I don’t expect things to end well for Cersei over the next three episodes; her list of heretical sins is longer than Lancel’s hair used to be. (Actually, my Cersei pessimism dates back to the very beginning of the season, with its death-clears-its-throat flashback.) And, frankly, why should it? But should the situation go sideways, I’ll mourn for Headey’s performance more than the character. She’s made something that could have been one-note ring out like a symphony. (Or, in terms Cersei would appreciate, she’s taken a single grape and squeezed it into a Jeroboam.) So rich and perversely sympathetic is Headey that I found her touchdown celebration in Margaery’s cell unnecessary. Don’t make someone eat venison when they’re already choking on crow! But it’s equally unnecessary to make someone a villain when they’ve already accomplished the much more dangerous trick of outing themselves as human.
Maybe I should practice what I preach, then, and look at what worked with optimism. Diana Rigg and Jonathan Pryce, with their tart two-step, brought back a little of that much-missed Charles Dance magic. The idea of fantasy hoi polloi rising up en masse is fascinating — too often they’re reduced to dragon kibble or merely tossed onto death wagons — but I wish the most prominent avatars of the forgotten classes weren’t anti-buggery religious fanatics and turquoise-clad slave traders. (I’ve said it before and I’ll say it again: Meereen is the worst. And Daenerys really ought to know better than to wear white to a bloodbath. Do you know how hard it is to bleach out arterial spray?) And I still love Bronn, absolutely and without reservation. It was just a shame to see his charm stashed in a dungeon and yoked to … whatever that was with the flirty Sand Snake. Autoerotic incarceration? Magical antidotes in necklaces? Do they have mulligans in the Seven Kingdoms, and could we possibly take one on all of Dorne?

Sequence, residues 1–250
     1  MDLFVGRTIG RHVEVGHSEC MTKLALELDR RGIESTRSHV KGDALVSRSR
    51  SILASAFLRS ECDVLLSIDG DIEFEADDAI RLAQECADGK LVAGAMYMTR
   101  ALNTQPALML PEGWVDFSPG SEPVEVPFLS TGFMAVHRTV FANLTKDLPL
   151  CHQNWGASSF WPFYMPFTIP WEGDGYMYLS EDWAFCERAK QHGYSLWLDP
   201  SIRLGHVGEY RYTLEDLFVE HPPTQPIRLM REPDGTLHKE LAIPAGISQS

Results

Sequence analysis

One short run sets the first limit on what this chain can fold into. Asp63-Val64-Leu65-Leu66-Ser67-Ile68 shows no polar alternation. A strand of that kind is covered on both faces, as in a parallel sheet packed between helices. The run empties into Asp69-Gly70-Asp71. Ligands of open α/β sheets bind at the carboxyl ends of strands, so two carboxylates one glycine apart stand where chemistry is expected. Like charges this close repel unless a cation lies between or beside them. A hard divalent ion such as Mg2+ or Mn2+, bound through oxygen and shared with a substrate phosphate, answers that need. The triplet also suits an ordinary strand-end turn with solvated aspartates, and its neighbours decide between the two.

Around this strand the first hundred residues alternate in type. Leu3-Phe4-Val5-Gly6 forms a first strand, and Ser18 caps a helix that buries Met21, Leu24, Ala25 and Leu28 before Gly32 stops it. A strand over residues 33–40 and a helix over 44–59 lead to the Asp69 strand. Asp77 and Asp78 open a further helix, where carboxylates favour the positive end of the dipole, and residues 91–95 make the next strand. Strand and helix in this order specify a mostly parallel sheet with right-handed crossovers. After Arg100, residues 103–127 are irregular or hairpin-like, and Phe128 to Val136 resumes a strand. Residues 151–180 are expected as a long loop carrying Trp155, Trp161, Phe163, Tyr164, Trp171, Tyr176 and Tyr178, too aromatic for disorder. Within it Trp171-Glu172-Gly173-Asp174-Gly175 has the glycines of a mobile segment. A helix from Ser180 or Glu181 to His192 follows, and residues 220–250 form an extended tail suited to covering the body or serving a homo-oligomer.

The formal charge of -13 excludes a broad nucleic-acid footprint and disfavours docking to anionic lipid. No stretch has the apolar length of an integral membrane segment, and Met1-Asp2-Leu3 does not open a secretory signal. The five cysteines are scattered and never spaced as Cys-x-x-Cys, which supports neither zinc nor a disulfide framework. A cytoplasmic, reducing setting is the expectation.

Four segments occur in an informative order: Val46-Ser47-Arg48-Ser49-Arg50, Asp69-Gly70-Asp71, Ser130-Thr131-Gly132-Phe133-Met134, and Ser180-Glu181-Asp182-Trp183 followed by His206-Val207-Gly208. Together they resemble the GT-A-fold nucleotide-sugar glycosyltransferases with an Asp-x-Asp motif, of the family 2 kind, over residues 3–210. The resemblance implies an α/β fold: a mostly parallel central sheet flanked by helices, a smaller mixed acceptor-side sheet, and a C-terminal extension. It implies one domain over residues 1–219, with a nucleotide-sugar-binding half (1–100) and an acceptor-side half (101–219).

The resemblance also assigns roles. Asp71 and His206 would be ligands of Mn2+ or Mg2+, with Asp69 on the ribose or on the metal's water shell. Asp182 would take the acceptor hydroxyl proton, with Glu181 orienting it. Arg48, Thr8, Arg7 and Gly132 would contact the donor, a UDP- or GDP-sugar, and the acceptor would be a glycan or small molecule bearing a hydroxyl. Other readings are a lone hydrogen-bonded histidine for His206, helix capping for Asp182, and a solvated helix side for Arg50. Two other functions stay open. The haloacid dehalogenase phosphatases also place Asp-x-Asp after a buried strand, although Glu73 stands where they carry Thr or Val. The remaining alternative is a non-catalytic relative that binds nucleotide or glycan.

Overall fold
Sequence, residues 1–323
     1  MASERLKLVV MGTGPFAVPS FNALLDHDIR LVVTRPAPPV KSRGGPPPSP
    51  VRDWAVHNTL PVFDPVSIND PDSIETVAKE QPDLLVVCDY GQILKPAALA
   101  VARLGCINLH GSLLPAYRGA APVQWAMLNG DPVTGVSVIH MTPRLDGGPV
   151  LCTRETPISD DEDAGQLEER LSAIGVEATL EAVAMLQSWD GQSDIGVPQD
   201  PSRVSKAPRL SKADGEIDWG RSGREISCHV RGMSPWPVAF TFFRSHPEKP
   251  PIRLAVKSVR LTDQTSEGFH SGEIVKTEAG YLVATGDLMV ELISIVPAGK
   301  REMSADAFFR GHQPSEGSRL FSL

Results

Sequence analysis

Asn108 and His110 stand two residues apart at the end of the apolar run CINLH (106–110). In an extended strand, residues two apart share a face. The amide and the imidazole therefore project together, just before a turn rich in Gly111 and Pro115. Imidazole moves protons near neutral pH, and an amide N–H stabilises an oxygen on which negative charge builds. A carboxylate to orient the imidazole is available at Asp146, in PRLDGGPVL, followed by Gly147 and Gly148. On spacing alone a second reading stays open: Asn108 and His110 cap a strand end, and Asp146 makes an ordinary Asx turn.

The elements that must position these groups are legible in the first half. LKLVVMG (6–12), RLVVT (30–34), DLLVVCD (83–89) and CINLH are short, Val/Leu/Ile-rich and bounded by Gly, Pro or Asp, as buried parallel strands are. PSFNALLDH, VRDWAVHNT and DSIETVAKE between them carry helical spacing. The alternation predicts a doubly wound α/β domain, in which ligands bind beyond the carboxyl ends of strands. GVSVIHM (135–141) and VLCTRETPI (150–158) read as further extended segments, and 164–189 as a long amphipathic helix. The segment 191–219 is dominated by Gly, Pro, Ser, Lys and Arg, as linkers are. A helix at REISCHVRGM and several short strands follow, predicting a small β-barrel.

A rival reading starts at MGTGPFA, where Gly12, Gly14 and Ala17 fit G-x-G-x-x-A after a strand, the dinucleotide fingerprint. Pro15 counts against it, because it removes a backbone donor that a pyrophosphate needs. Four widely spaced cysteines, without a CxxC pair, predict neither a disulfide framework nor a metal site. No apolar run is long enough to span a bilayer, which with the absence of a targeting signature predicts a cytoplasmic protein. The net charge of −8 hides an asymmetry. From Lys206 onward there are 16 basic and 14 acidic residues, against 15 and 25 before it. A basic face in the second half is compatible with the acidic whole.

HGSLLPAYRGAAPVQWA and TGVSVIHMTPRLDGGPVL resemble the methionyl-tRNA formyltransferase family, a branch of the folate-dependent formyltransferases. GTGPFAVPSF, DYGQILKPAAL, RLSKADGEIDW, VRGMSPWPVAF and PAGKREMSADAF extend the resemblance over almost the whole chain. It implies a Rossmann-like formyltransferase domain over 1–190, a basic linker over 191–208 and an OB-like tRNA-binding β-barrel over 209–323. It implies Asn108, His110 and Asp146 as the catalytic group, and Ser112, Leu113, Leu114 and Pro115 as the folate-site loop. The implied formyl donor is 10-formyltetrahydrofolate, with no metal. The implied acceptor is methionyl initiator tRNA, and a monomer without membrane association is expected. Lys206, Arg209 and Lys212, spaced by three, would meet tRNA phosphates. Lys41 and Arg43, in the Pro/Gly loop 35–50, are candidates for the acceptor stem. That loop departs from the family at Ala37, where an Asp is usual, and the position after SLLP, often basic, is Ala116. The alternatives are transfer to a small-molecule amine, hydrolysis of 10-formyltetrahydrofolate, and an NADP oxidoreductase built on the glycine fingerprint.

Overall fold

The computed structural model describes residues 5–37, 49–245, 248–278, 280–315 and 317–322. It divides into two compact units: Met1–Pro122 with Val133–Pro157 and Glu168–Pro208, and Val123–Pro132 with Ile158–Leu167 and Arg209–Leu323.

But here I go again. The truth is there’s much to look forward to in the remaining hours of Season 5. I expect Winterfell to get a righteous sacking, and I love a good Jon Snow road trip. And, at long last, Daenerys has found a fire-breather she can’t lock in the basement. Tyrion has been away from power for so long that we forget how masterful he is at wielding it and (especially) advising those with more of it. After seeing the jokers Daenerys has surrounded herself with thus far, it’s a wonder she’s able to hold on to her hat, let alone three teetering megalopolises. Pairing the Mother of Dragons with the Killer of His Father is as exciting as it is overdue. The truth is, Game of Thrones desperately needs Daenerys to be a robust protagonist, not an antiwar metaphor. Unlike the other pretenders, her claim on the throne isn’t based on spite or prophecy. She carries with her a radical agenda of hope and change, and, if people aren’t buying that, she’s got dragons.
Daenerys doesn’t want to win the world as much as she wants to remake it. And as the story craters and dead-ends all around her, it’s time for just this sort of radicalism to take flight.
Note on these recaps: I have not read the books, and I have no immediate intention to do so. My goal is to analyze and enjoy Game of Thrones strictly as a television show. OK? OK!